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4.8 out of 5 stars
4.8 out of 5 stars
Format: Audio CD|Change
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on 3 September 2017
Absolutely fabulous. 2 hours of great music
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on 30 October 2016
Great album. Super quick delivery.
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on 3 October 2011
This album was compiled from recordings made at two shows on 23 and 24 October 1970 and it reflects Clapton in transition from the megawatt onslaught of Live Cream to the rootsiness of 461 Ocean Boulevard. What you get, in fact, are live versions of songs from the Layla album (minus the title track) and selected cuts from what were then his other recent projects, as a solo artist (Bottle of Red Wine), a member of Blind Faith(Presence of the Lord) and as a guitarist for Delaney and Bonnie (Tell the Truth). In fact the Dominoes were essentially Delaney and Bonnie's rhythm section, and on this showing,what a fine band they were. Excellent versions of Why Does Love Got To Be So Sad?, Key to the Highway and Blues Power are, for me, the highlights. I could live without the drum solo (but then I always can, unless it's Jon Hiseman) and Nobody Knows You When You're Down and Out is a tad sloppy, but I'm splitting hairs. This is a chance to hear Clapton stretching out with a tight and reliable band behind him and doing what he does best: weaving magical solos over a bedrock of hot rhythm. Two hours of buttery seventies' blues rock and worth every penny of the price of admission.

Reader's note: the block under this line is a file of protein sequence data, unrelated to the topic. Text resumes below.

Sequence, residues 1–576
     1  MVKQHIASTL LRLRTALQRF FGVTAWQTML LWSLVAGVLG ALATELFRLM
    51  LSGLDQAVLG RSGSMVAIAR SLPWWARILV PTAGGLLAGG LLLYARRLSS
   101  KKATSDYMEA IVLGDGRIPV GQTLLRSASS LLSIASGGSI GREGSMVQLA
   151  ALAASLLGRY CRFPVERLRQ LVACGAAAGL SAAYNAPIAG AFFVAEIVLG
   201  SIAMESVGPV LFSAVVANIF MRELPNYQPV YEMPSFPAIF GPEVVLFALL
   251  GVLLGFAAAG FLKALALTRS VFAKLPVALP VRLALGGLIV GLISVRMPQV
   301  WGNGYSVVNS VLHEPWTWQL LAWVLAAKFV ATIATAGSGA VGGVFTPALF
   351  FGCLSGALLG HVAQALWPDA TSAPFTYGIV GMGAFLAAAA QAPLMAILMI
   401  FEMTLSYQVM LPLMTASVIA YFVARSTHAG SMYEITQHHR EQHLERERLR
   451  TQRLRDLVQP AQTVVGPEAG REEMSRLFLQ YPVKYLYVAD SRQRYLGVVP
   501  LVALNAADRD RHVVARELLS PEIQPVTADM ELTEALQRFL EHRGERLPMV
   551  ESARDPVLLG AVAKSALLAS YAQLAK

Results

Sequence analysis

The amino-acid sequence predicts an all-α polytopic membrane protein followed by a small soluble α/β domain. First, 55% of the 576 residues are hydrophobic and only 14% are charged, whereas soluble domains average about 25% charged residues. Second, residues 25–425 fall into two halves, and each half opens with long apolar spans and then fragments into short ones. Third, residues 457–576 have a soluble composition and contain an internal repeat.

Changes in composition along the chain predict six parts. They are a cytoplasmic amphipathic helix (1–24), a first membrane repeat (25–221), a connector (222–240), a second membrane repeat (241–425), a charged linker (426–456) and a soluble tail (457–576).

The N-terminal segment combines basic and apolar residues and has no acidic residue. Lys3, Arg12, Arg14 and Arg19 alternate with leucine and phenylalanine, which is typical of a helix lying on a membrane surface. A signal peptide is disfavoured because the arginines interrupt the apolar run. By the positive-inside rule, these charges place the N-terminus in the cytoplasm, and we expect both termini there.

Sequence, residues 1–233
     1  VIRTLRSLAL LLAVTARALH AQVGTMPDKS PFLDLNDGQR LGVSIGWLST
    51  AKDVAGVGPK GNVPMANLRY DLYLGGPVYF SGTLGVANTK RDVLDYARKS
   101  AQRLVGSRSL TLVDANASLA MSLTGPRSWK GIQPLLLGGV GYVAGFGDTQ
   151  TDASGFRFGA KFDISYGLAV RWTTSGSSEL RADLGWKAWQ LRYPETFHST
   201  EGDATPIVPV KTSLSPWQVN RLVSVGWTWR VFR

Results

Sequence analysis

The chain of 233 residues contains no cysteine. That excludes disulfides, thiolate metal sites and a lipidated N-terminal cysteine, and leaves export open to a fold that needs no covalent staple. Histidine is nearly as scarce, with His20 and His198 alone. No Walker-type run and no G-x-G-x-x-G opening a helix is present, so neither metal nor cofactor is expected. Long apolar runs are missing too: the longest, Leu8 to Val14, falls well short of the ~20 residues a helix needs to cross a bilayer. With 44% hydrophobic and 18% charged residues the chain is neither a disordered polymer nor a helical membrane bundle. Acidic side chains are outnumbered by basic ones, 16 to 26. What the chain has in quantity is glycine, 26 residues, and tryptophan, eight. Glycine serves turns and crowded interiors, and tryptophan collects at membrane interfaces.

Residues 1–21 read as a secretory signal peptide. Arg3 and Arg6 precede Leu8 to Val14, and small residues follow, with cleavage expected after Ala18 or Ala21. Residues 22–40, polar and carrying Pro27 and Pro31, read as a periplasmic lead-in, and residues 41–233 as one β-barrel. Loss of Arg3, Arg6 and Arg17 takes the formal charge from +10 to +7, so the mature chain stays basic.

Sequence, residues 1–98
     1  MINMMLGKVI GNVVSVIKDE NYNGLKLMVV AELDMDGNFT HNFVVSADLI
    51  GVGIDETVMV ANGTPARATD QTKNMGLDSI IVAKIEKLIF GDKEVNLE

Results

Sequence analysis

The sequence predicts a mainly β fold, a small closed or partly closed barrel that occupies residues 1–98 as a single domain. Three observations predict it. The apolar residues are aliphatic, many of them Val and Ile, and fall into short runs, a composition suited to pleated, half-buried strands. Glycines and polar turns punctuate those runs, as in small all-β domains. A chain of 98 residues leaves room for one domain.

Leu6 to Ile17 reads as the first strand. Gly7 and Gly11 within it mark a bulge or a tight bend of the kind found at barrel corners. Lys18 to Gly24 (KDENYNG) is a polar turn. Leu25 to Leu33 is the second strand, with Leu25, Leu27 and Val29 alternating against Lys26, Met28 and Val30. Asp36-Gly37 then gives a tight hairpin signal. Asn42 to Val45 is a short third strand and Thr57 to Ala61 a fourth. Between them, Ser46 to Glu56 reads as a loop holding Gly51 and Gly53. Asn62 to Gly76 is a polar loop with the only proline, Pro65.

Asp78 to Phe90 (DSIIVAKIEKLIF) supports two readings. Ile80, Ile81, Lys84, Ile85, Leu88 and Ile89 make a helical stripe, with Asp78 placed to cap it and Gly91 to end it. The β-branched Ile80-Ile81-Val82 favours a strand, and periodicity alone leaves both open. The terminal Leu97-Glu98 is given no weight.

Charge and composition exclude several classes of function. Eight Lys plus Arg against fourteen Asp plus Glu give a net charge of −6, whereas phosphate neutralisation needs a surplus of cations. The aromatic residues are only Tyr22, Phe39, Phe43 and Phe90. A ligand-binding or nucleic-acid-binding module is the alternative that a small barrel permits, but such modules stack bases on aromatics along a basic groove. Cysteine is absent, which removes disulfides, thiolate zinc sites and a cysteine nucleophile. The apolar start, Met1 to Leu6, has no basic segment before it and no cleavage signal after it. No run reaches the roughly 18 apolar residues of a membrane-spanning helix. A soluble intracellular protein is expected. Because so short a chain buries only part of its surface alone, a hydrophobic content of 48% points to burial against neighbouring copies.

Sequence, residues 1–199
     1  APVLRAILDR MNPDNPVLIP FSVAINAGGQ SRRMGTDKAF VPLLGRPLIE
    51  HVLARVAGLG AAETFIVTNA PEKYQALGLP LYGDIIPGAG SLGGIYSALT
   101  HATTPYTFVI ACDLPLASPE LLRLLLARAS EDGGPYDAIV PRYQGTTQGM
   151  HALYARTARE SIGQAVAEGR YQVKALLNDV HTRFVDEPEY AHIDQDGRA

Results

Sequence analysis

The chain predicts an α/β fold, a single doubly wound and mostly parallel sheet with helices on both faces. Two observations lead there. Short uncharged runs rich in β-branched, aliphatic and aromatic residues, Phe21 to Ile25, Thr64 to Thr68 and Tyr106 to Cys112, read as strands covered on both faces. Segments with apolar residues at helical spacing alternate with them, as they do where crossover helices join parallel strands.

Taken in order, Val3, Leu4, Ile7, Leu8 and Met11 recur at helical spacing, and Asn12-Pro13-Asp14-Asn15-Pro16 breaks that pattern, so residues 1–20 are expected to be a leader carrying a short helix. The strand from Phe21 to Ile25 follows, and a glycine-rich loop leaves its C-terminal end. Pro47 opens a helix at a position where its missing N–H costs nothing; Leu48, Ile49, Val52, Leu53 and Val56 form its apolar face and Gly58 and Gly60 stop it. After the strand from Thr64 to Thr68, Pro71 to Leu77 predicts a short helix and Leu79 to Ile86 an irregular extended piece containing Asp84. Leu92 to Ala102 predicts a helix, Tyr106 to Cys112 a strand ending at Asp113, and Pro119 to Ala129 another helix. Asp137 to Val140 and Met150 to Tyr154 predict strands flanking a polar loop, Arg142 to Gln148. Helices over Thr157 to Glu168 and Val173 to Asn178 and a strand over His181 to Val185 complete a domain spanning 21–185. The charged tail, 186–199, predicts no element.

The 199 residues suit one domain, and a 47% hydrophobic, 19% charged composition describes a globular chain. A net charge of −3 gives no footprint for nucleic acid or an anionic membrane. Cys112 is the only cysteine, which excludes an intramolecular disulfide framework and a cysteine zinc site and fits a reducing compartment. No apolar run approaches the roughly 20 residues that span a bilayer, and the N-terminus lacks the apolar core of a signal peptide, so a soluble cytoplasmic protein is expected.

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on 7 June 2013
As a fourteen year old I couldn't afford this and now i'm an adult
and can! It was certainly worth the wait to hear it.
Why are all the best live albums made at that time in that hall?
It was a great era in rock.
Best track for me is the old standard Nobody knows you when you're down and out.
Dominoes were a smokin band before they all succumbed to drugs etc
Read Bobby Whitlock's autobiography for the lowdown on this and making Layla
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on 6 July 2017